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This morning, the Fed’s preferred inflation measure, the Personal Consumption Expenditures (PCE) core price index rose by just +0.2% in October, below forecast and a welcome deceleration from +0.5% in the previous month. On a year-over-year basis, core PCE slowed from +5.2% to +5.0%, encouraging, but still too hot.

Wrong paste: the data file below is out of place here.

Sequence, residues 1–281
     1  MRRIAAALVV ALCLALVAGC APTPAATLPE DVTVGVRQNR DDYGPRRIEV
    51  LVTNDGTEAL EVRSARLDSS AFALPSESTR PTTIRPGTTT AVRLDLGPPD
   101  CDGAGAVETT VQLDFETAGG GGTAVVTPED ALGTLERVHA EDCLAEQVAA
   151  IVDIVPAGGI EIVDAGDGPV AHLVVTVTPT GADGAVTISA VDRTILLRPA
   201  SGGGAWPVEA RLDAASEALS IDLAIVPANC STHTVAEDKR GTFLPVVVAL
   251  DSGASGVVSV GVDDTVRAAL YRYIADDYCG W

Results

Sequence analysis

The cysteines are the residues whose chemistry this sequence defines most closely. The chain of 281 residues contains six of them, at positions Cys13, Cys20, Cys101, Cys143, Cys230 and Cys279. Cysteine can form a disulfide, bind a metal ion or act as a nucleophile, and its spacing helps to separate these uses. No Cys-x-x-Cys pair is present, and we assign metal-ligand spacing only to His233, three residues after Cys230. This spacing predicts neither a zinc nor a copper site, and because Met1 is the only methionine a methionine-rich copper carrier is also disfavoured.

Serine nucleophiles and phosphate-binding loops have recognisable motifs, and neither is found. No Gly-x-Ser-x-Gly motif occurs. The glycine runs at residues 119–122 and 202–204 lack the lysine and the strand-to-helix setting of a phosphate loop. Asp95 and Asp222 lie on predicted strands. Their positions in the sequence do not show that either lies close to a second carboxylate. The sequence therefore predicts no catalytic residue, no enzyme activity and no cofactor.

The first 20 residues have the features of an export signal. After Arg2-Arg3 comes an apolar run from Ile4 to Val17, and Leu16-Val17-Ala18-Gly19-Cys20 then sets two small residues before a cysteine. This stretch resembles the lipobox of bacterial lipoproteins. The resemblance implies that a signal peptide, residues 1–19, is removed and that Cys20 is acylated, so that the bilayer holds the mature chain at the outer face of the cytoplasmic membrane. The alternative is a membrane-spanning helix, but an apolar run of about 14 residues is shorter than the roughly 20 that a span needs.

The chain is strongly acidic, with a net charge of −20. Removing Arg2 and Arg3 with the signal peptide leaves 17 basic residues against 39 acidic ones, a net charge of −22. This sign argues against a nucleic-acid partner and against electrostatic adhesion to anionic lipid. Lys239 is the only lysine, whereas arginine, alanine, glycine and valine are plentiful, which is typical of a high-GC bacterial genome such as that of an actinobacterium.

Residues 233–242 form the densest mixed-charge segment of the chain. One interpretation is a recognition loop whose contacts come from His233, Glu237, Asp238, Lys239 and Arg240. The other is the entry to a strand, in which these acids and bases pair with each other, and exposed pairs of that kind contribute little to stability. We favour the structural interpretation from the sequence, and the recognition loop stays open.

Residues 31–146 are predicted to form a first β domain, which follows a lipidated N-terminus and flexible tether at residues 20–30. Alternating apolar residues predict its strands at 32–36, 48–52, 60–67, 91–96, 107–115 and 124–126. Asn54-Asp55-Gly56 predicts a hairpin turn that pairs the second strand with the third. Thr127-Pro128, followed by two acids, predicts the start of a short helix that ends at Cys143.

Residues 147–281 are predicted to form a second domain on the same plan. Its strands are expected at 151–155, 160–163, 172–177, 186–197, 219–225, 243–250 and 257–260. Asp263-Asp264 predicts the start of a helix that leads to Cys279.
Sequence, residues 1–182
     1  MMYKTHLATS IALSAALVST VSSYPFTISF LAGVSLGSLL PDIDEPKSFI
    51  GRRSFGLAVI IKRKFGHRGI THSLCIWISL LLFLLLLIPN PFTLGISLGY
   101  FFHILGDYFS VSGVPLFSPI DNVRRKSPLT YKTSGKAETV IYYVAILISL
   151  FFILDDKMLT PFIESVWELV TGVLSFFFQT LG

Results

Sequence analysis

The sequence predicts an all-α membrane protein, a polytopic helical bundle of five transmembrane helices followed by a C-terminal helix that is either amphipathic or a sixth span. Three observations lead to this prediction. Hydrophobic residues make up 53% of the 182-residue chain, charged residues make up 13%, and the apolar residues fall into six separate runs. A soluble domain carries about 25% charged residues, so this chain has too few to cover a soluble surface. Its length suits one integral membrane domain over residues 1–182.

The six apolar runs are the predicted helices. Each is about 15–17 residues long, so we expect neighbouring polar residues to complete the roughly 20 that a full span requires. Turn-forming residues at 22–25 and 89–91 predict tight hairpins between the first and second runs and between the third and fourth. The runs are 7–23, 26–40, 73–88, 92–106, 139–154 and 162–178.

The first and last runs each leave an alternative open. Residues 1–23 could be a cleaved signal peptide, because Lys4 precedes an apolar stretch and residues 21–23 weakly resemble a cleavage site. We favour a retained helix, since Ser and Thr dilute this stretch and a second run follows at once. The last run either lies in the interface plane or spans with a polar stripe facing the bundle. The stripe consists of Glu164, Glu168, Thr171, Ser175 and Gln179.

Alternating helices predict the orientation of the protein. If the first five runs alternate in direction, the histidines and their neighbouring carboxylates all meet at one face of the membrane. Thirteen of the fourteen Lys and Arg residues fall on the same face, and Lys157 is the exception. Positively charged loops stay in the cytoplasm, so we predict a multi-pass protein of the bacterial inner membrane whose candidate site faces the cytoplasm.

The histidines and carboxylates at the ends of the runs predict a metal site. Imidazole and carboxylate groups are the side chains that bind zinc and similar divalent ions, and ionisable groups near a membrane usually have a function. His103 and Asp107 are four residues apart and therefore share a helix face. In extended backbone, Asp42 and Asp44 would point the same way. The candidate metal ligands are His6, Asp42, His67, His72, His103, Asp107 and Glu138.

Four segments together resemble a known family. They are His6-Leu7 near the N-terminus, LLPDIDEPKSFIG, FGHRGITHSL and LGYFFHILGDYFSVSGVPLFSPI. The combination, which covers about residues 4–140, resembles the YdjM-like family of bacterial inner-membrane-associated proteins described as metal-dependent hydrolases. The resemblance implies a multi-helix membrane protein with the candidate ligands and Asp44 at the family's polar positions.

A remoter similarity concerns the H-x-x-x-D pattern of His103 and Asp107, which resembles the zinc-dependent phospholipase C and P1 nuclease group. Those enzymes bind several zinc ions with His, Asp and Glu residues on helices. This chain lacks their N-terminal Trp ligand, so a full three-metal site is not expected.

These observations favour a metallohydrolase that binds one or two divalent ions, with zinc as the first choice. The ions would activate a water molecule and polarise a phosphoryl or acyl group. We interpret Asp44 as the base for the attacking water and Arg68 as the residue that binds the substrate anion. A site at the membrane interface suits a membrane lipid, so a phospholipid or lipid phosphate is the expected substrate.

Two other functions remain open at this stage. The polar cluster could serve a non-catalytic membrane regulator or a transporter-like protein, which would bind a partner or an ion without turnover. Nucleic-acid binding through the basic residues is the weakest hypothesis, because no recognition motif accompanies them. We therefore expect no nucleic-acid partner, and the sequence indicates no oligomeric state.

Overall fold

Also, this morning, the personal savings rate declined from 2.4% to 2.3% in October, a 17-year low and less than half of where it began the year. Higher consumer prices have clearly eaten into savings, and borrowing is up. This isn’t sustainable. As a result, consumer spending is poised to slow further in the coming months, which reinforces the idea that recession is on the horizon.